Is the Rotational Deformity Important in Our Decision-Making Process for Correction of  Hallux Valgus Deformity?
Rotational deformity in hallux valgus is a recognized component and a demonstrated recurrence factor in patients who have undergone surgery. More than 20  years ago, publications started reporting metatarsal pronation as part of the hallux valgus pathology. Identifying metatarsal pronation should be part of the preoperative angular measurements. The proximal metatarsal rotational osteotomy and Lapidus fusion are some of the few techniques that relia bly correct metatarsal pronation. They have good results, with more nonunions reported for the Lapidus. The authors present their hallux valgus treatment algorithm that in...
Source: Foot and Ankle Clinics - March 9, 2018 Category: Orthopaedics Authors: Pablo Wagner, Emilio Wagner Source Type: research

Hallux Valgus Deformity and Treatment
In a hallux valgus deformity, the problem is deviation of the hallux at the metatarsophalangeal joint and of the first metatarsal at the tarsometatarsal joint. Although anterior-posterior radiograph findings have been prioritized, deviation in the other planes can substantially change visible cues. The Lapiplasty procedure, uses all 3 planes to evaluate and correct the deformity, making radiographic measurements less useful. Using a triplane framework and focusing on the apex of the deformity, all bunions become the same. Lapiplasty can be performed regardless of the degree of deformity, always includes triplane correction...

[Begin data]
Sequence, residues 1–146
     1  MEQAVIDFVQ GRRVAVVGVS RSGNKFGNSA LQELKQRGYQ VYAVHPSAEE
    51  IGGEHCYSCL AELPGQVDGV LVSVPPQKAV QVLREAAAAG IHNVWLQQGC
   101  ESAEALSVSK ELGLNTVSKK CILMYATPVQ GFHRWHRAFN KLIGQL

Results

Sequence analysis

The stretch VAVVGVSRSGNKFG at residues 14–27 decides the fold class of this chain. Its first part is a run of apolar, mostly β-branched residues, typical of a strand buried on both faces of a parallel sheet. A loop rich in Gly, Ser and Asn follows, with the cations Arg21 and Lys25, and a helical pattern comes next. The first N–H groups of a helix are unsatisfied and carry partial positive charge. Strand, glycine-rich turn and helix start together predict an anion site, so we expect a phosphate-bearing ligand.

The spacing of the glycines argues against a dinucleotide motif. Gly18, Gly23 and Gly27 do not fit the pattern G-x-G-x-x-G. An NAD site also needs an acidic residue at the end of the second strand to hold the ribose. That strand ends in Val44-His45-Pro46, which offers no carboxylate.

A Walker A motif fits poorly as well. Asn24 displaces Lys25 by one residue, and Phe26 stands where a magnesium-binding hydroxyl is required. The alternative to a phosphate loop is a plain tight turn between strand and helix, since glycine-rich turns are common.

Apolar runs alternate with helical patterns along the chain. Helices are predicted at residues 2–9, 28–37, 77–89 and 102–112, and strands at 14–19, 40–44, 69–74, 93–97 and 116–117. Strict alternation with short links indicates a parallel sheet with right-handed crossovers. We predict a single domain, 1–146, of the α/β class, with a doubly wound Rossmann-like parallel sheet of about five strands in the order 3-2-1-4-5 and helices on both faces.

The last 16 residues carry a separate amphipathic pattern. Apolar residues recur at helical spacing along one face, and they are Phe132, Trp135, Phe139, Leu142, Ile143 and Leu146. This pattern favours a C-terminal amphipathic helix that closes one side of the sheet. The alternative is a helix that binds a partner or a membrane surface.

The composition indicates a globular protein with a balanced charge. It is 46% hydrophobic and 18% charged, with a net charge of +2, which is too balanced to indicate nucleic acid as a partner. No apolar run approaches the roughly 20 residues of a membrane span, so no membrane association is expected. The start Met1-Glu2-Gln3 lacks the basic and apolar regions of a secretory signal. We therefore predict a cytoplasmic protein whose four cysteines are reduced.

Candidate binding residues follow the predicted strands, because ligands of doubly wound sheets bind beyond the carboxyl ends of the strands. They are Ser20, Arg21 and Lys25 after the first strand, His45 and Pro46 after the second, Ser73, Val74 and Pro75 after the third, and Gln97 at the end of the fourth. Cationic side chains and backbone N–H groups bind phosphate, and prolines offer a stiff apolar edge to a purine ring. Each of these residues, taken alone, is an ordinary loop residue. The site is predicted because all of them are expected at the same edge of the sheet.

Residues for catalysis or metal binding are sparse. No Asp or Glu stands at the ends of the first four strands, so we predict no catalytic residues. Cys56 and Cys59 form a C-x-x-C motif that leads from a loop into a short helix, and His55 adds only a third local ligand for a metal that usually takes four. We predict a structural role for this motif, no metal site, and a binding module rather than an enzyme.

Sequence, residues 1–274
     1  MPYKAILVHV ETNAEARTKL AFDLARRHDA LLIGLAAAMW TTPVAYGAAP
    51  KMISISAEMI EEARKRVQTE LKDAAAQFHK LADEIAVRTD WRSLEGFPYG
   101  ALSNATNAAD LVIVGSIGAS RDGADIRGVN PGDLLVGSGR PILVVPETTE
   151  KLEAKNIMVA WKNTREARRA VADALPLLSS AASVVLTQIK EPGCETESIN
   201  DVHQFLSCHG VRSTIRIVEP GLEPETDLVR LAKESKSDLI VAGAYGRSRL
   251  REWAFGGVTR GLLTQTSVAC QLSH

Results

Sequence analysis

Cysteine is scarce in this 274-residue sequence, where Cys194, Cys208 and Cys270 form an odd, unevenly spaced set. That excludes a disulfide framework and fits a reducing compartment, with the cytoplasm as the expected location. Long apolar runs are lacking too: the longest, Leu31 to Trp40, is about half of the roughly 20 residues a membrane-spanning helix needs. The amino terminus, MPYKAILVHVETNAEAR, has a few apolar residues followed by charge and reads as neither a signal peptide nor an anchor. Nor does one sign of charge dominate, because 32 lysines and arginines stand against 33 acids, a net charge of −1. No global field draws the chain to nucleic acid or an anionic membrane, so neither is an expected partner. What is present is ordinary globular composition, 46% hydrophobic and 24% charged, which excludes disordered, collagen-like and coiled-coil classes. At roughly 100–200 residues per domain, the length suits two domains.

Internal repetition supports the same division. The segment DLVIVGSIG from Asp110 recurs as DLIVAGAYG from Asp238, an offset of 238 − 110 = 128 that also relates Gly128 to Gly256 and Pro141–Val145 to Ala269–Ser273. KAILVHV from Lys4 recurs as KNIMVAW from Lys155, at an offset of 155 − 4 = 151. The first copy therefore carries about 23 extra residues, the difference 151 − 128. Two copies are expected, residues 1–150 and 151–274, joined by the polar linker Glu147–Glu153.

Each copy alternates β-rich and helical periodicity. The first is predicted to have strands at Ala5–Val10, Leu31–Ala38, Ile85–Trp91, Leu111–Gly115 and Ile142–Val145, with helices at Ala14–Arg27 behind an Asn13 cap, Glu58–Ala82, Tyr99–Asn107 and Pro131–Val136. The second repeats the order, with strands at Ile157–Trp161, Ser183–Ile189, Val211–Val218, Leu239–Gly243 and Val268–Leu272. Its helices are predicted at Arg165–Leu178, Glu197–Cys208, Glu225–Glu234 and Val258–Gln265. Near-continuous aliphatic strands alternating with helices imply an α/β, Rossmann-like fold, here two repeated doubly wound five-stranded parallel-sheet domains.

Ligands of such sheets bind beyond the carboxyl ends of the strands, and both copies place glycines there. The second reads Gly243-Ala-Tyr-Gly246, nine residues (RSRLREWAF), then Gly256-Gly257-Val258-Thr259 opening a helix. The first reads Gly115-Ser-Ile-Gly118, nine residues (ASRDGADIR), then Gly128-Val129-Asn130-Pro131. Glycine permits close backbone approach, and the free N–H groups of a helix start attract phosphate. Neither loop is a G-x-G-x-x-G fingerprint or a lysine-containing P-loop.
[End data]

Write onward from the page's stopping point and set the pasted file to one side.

Source: Foot and Ankle Clinics - March 9, 2018 Category: Orthopaedics Authors: Robert D. Santrock, Bret Smith Source Type: research

Using the Center of Rotation of Angulation Concept in Hallux Valgus Correction
Many different surgeries have been proposed for hallux valgus treatment, osteotomies being the currently recommended ones. Because of high recurrence rates, distal, diaphyseal and proximal osteotomies have been used to improve alignment and sesamoid reduction. The center of rotation of angulation (CORA) concept applies to any deformity and helps to completely realign 2 bone segments. When used with proximal osteotomies, bone displacement and angulation is performed obtaining complete deformity correction. The proximal oblique sliding closing wedge (POSCOW) osteotomy follows the CORA concept and permits preoperative plannin...
Source: Foot and Ankle Clinics - March 8, 2018 Category: Orthopaedics Authors: Emilio Wagner, Cristian Ortiz, Pablo Wagner Source Type: research

Proximal Supination Osteotomy of the First Metatarsal for Hallux Valgus